Bon Voyage: Nice, Monaco: jack pot destinations
Studying abroad implies having to become a part-time tourist and a part-time student. After my first week of classes and the cumbersome reality brought by multiple syllabi, I was eager to step back into the role of the tourist.
This weekend I went on a trip to the French Riviera to the coastal cities of Nice and Monaco. Being winter in a summer town allowed some liberty to not totally stick out as a tourist, so my friends and I decided to just stroll around the various neighborhoods of Nice in no great hurry. Although each week I will try to find more to comment on than how beautiful everything is, for this column I will get the tourist’s awe out of the way.
With no agenda other than to be open to the scents and sights of a strange city, we were introduced to Nice one alleyway at a time. Although the Mediterranean was a perfect azure blue and the old stone buildings picturesque, I was pulled out of my postcard vision when I literally walked into the middle of an anti-gay marriage rally. It took a minute to realize people were holding signs that showed one man and one woman holding hands. It is unbelievably foolish of me to think that because a place is beautiful and the way of life so lush means that it is a utopia in comparison to the United States.
Here in France people are still divided, still going to fisticuffs over similar issues at home. From an American perspective Europe always seemed so progressive, but nowhere, it seems, are politics so easily homogenized. The next city we went to was Monaco. Monaco is actually its own principality where Grace Kelly was princess. The second smallest country next to Vatican City, Monaco’s population has the highest average income of any other country in the world. Basically it is where the world’s billionaires and millionaires live. Also, as if this is fair, there are no property taxes in Monaco. As such the ports are filled with Yachts and despite souvenirs shops pandering to the lowly peasants, um, tourists, all the shops are Cartier, Louis Vuitton, Diors, you get the idea. Let’s just say the ascot and fur coat quotient here is pretty high. Ironically enough, Bono lives here.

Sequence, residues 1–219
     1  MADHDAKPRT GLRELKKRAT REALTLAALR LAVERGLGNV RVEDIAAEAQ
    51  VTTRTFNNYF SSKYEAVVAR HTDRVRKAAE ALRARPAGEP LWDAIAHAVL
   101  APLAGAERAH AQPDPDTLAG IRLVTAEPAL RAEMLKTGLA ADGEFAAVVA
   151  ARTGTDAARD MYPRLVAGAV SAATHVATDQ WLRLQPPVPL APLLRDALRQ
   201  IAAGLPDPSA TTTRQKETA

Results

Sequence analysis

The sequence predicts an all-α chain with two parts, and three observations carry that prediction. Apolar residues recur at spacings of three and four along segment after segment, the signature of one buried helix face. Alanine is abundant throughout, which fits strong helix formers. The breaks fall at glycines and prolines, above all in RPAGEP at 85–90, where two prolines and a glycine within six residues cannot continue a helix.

So as any college student who normally lives off of Ramen noodles visiting a billionaire’s town would do, I went to Monte Carlo to gamble. This casino is no Vegas or Atlantic City, it looks like a mini Versailles. If it could be wrapped in gold leaf or velvet, it was. The ceilings are painted with more frescos than the Sistine Chapel.
The main difference was the atmosphere. People go to Monte Carlo for serious gambling and so the majority of games are in smoky back rooms where all the billionaires I assume rub their hands together and practice their maniacal laughter.
After a few awkward minutes standing in the main lobby tottering around in my Payless heels, I shrugged off the bouncer’s snooty glares and plopped down at a slot machine.
My friends and I put in a 10 euro bill and quickly realized we had no clue how the slot machine worked.
So we just spent ten minutes pushing random buttons and gaping at the flashy colors on the display. The guy sitting at the slot next to us was mocking us until we hit the jack pot. Split between four people we won enough to go out for un cafe. Sipping coffee later at night I thought, life in this gilded paradise is beautiful but I am still just as happy to eat Ramen in front of my 14-inch television in the comfort of my 600 square foot apartment any day.